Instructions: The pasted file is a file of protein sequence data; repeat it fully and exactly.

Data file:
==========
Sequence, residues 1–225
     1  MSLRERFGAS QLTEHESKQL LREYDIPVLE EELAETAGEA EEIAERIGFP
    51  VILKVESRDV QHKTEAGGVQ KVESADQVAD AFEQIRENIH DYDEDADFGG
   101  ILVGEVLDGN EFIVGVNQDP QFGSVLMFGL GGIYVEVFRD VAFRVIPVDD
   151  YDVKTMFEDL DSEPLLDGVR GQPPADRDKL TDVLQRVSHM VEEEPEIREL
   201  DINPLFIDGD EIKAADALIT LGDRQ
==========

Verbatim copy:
Sequence, residues 1–225
     1  MSLRERFGAS QLTEHESKQL LREYDIPVLE EELAETAGEA EEIAERIGFP
    51  VILKVESRDV QHKTEAGGVQ KVESADQVAD AFEQIRENIH DYDEDADFGG
   101  ILVGEVLDGN EFIVGVNQDP QFGSVLMFGL GGIYVEVFRD VAFRVIPVDD
   151  YDVKTMFEDL DSEPLLDGVR GQPPADRDKL TDVLQRVSHM VEEEPEIREL
   201  DINPLFIDGD EIKAADALIT LGDRQ